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Discussion Starter · #1 ·
I ventured out on my own (residential, small jobs) approximately 1 year ago. I started the year working alone. It confirmed how much I dislike working alone and it also made some jobs impossible to do or incredibly inefficient. Within a few months I added an apprentice. I am on my third apprentice now. I have plenty of work and have kept both of us busy pretty much full time for a few months. My apprentice has a family to support and feeding him full time hours is important to him.

The challenge is that there are many tasks that do not require and cannot properly utilize two people. Particularly with a very green apprentice who cannot be left to start or continue jobs without me present. Most of these other tasks are administrative / sales in nature. Site visits for quotes, pulling permits, attending inspections, ordering and picking up stock are the most common things.

Wherever possible I perform these tasks outside of normal business hours. At times though it is not practical and I get incredibly overworked doing all of these activities outside of my base 40 hours.

What are some approaches others use to handle this? Any advice?

Cheers!

Jim
 

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Not really a subject in my realm of business as our company has varying levels of apprentices and drivers, but I will make an observation. Would you be better off with say a retired person part time to do the mundane running around an non skilled work and a part time apprentice with lesser financial needs? Both of these positions coming in under 35 hours a week total man hours.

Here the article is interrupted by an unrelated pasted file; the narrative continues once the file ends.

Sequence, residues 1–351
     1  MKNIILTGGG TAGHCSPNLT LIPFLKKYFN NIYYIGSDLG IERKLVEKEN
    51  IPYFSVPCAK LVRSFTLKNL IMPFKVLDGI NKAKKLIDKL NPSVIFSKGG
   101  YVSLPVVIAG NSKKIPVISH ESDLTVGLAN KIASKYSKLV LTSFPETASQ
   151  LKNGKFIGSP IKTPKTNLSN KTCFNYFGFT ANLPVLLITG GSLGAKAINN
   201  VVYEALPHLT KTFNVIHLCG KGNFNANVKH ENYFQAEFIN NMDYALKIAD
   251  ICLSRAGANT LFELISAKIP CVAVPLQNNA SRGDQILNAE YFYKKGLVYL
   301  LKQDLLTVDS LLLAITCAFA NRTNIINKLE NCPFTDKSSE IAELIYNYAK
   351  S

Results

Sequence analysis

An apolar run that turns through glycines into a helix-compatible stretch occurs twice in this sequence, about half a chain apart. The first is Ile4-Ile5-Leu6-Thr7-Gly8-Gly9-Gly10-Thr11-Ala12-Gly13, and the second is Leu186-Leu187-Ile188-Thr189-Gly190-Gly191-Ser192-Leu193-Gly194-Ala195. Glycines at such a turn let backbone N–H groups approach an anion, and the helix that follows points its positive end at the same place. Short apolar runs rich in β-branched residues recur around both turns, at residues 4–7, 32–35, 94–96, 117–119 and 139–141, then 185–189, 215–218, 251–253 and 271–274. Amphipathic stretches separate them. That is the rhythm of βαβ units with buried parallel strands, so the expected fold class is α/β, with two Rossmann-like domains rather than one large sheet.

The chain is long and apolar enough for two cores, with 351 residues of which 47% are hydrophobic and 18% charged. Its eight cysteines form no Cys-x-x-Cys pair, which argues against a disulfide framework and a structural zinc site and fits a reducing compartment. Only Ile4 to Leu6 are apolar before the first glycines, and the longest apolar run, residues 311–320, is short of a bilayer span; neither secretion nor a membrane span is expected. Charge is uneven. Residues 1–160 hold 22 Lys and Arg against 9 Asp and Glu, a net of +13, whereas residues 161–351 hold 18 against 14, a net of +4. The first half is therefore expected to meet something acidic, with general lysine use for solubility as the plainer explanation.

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Big nosed attic troll
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Can you afford to have him sitting on the phones, cleaning shop, vehicles, picking up dry cleaning? Maybe canvasing areas with flyers or trying to pound the pavement or cold calling and finding work? I only venture out to those odd areas because you really want to feed him hours.... Maybe try to increase some easier jobs for filler? Or have him shadow you even in 1 man places?
 

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Discussion Starter · #5 ·
Mcasey - Those are good suggestions. I really like the retired person to deal with the permits and maybe even meeting with the inspector. I also think that I might not be the best fit for an apprentice that needs to know he is getting 40 hours every week.
 

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Discussion Starter · #6 ·
Majewski - I do need to start him on cleaning up the shop (detached garage) when I have inspections to do, good idea.
 

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Discussion Starter · #7 ·
What year is the apprentice? Our resi apprentices are JW's after a two year apprenticeship.